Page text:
Email
Password
Remember meForgot password?
    Log in with Twitter

article imageNobel prizes for chemistry and physics announced

By Tim Sandle     Oct 15, 2019 in Science
October 2019 has seen the announcement of the Nobel prizes for chemistry and physics. These are awarded for developments with lithium-ion batteries and for the hunt for new exoplanets.
The Nobel Prize in Physics was been awarded "for contributions to our understanding of the evolution of the universe and Earth's place in the cosmos." The prize has been split between two recipients. The first has gone to James Peebles "for theoretical discoveries in physical cosmology".
James Peebles' has provided insights into physical cosmology since the mid-1960s. This includes improving our understanding of how the universe has been expanding over the course of 14 billion years (and not only becoming larger but also colder). Peebles has shown how ancient radiation is all around us and decoding this is the key to many of the universe's secrets being revealed.
The second prize, from the Royal Swedish Academy of Sciences, has been given to Michel Mayor and Didier Queloz, which relates to the the discovery of an exoplanet orbiting a solar-type star."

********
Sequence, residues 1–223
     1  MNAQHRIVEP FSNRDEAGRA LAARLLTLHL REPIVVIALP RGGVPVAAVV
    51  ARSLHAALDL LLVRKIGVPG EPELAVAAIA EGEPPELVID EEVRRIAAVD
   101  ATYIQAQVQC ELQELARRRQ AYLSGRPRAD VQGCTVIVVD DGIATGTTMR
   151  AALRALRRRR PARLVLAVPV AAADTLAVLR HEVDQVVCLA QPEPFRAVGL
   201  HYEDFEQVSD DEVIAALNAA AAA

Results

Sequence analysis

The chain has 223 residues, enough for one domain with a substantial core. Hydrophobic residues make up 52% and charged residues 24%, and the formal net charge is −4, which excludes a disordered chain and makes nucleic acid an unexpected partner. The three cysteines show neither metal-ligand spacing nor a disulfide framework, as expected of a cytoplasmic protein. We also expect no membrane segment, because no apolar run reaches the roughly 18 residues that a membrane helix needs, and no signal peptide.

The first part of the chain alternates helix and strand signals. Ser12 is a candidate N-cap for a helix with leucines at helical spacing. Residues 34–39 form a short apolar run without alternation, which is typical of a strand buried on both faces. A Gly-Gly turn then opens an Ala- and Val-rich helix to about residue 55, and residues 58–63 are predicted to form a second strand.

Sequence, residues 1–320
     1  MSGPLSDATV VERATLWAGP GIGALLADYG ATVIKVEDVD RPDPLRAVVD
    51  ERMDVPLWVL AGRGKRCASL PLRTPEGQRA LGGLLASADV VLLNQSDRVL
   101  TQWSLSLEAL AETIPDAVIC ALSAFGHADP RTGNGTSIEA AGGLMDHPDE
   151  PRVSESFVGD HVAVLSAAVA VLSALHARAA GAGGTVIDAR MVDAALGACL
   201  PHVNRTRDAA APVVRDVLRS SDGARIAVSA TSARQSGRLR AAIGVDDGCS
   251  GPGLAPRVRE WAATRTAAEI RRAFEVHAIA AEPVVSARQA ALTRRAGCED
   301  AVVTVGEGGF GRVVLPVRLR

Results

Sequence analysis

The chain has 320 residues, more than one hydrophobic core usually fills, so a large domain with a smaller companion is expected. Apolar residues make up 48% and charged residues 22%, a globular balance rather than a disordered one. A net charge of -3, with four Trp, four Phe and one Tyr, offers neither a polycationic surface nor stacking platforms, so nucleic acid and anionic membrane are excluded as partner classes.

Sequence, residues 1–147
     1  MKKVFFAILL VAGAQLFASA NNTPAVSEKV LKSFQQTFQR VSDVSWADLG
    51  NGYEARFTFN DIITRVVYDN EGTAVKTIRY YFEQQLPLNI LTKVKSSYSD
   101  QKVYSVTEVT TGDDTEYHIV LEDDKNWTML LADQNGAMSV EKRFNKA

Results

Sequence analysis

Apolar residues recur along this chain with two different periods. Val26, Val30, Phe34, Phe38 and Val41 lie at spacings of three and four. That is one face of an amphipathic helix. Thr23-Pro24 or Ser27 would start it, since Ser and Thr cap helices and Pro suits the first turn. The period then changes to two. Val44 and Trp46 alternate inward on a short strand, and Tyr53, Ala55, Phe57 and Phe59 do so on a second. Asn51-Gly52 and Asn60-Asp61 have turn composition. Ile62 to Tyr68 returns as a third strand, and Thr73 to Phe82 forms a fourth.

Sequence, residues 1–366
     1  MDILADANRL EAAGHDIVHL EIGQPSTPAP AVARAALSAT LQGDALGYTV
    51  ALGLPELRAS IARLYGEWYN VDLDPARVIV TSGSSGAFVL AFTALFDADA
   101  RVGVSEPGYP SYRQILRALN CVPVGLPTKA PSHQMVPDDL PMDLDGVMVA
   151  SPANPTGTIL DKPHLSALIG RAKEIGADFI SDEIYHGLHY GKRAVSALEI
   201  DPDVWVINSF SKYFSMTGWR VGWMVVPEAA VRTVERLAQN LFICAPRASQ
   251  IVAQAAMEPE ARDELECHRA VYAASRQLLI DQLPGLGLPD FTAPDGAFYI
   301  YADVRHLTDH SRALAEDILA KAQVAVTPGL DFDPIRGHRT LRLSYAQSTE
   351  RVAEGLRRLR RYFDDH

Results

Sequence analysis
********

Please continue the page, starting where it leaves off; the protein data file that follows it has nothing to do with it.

Michel Mayor and Didier Queloz identified the first planet outside our solar system - an exoplanet - orbiting a solar-type star. This has led to a range of new exoplanets being discovered (some 4,000 to date). This first planet was 51 Pegasi b, a gaseous ball comparable with Jupiter.
These discoveries have led scientists to revise theories relating to the physical processes connecting the origins of planets. The discovery of exoplanets may also hold the answer to whether other life is out there.
Both prizes relate to contributions towards a new understanding of the universe's structure and history.
The Nobel Prize in Chemistry has been awarded to John B. Goodenough, of The University of Texas at Austin, U.S.; to M. Stanley Whittingham, of Binghamton University, State University of New York, U.S.; and to Akira Yoshino of Asahi Kasei Corporation, Tokyo, Japan. Each relates to " the development of lithium-ion batteries."
The award relates to pioneering work undertaken during the 1970s and 19809s. Today lithium-ion batteries are used to power the portable electronics and the devices have enabled the development of long-range electric cars and the storage of renewable sources of energy.
More about Nobel prize, Chemistry, Physics, Exoplanet, Batteries
 
Latest News
Top News